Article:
Walking is Medicine
by Alanis Obomsawin
About the Film:
Walking is Medicine highlights the story of the Nishiyuu walkers, six young Cree men who, in 2013, decided to trek 1600km from Whapmagoostui, Quebec, to Ottawa, They made the walk in the spirit of their ancestors, whose traditions were to travel long distances in the winter because the rivers and lakes are frozen. This was an effort to meet with so many different nations from across the country and to be part of a new beginning.
They were inspired by the Idle No More movement, a grassroots movement launched in November 2012 in opposition to Canadian Bill C-45, the government’s omnibus budget bill that includes changes to land management on reservations. This group of young people hoped their walk would bring attention to indigenous youth and issues like depression. By the time the group arrived in Ottawa they had received national media attention.
2017 | 5 min
BIG IDEAS with Film Unit: Action for Purpose, Healing, and Raising Awareness
Time required: 2 lessons
This guide is designed to shed light on the actions of Indigenous young people as they strive to bring national awareness about challenges faced by First Nations people such as marginalization, poverty, lack of clean drinking water, and inadequate housing. For them, this walk was also a way of finding healing within themselves and their communities of the wounds of the past and present. The journey followed the traditional trade routes of the Algonquin, Mohawk, and Cree, serving to promote solidarity within and among nations.
This guide will help teachers and students to listen to the views and perspectives of Indigenous Peoples and see how the actions of a group of young people became a catalyst and inspiration: for their community all those they encountered on their journey. This guide also helps students to think of possible actions they can take to raise awareness about an issue that affects their wellbeing. Moreover, this resource also makes connections to Physical and Health education, as it involves healing that comes with a physical journey, the act of walking for a greater purpose.
BIG IDEAS with Film Inquiry Questions
These questions can be adapted into a worksheet to fill in during or after film screenings:
- Who is the filmmaker, what are they known for?
- What is this film about? What are the main messages the filmmaker wanted us to understand?
- If you could ask the filmmaker a question, what would you ask?
- What were you thinking as you finished watching the film?
- What part of the story told by the film was the most powerful or memorable? Why?
- Sometimes fiction and documentary films explore important social or political issues. Describe any specific social or political issues that affect the story. How do these issues impact the people we saw in the film?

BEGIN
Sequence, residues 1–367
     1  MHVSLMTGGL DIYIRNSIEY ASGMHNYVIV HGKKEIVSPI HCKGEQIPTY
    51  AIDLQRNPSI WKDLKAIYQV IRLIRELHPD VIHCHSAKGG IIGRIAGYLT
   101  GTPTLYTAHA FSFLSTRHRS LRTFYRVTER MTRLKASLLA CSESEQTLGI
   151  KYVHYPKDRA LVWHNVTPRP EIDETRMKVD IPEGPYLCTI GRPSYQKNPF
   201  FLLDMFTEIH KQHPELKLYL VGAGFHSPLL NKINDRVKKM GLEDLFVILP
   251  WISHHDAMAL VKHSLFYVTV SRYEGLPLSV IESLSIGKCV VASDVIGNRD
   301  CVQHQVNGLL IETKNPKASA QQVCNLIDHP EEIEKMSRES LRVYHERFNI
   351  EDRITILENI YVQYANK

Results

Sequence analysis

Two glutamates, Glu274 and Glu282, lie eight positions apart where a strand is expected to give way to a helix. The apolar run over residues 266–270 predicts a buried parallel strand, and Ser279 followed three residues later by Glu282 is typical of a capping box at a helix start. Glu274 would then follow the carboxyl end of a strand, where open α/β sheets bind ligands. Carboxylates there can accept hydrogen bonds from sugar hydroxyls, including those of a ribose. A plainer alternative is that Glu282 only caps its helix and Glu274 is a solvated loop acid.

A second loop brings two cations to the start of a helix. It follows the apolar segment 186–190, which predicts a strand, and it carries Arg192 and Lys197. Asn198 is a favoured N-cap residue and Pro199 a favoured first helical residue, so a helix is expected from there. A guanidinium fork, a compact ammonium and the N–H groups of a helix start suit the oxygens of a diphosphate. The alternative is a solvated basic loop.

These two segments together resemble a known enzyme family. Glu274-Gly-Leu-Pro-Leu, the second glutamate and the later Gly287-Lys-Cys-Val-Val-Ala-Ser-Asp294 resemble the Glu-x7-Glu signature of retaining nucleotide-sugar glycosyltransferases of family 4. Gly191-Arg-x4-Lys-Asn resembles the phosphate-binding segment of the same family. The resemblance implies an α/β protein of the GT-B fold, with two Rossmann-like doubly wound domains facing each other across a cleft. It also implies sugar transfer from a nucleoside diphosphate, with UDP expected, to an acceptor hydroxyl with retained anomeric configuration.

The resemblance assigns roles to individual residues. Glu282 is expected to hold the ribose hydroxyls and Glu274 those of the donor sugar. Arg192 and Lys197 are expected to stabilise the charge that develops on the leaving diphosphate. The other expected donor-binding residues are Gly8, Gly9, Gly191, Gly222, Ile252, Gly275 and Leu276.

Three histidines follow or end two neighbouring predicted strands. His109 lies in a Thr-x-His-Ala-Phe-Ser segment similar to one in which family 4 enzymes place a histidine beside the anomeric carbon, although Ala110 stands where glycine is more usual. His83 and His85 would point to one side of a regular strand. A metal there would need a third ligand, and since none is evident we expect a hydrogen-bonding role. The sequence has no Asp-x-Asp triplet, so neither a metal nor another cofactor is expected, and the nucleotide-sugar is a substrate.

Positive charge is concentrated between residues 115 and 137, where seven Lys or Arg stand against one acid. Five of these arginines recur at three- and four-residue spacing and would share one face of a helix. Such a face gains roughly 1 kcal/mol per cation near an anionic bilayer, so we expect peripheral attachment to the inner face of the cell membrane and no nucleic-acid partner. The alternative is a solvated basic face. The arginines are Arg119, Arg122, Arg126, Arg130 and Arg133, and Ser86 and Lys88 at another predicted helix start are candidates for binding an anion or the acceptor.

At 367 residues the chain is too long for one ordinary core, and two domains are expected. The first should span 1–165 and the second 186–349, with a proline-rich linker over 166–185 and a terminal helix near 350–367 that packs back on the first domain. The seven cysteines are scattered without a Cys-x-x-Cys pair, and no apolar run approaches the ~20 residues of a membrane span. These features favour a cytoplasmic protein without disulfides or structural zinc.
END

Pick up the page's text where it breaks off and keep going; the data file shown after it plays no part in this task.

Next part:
- Documentaries can show us new ways of understanding an issue or topic in our world. Describe an aspect of the film that showed you something you hadn’t seen before, caused you to think in a new way, or helped you understand something more thoroughly than before.
- What particularly appealed to you in the cinematic presentation of the film, such as how particular scenes, images, or sounds were presented?
- For documentary films: what conventions does the filmmaker incorporate in this film? Do they use voiceover, re-enactments, archival footage, interviews?
- Are there multiple viewpoints? Do they agree or contradict each other?
- Who are the dominant voices in the documentary? Are they official sources such as government representatives, or are they experts of another kind? Or are they everyday people from the street? What is their connection to the documentary’s subject?
Questions and Connections
Key questions can be used before film screening or after, to help students see connections between their own lives and the ideas and perspectives they see in Obomsawin’s films. Select from questions and tailor them to your grade level.
- How much do you know about First Nations’ history? Do you know anything already about the Truth and Reconciliation Commission of Canada?
- Were you born in Canada? If not, where were you born? How important to you is that country’s culture, heritage, and language to you and your family?
- Do you speak more than one language? If so, do you feel more connected to another nation’s culture (and history) when you speak in that language? Do you speak that language with senior family members, such as aunts and uncles, grandparents, and great-grandparents?
- Do your friends have cultural traditions and customs that are visibly and audibly different from those of your family? If so, can you elaborate? Do you participate with your friends and their families during special cultural events? If so, would you like to share some of your thoughts and experiences?
- Have you personally ever felt or experienced a loss of human rights? If so, what happened, and how did you deal with the situation?
- Imagine if somebody took you away from your family/community and you had to live and attend school in a community far away from all your family and friends. How might you feel? What would you do?
- What if you were forbidden from speaking the language you have been speaking since you were a baby? What if you were forced/ordered to learn and speak a new language?
- What types of music do you and your family listen to together? Do you make music together? Have your grandparents shared any music with you? Has your family taught you any particular songs and/or dances? Does having a musical heritage make you feel more connected to the past?
Teacher's Guide PDF: Download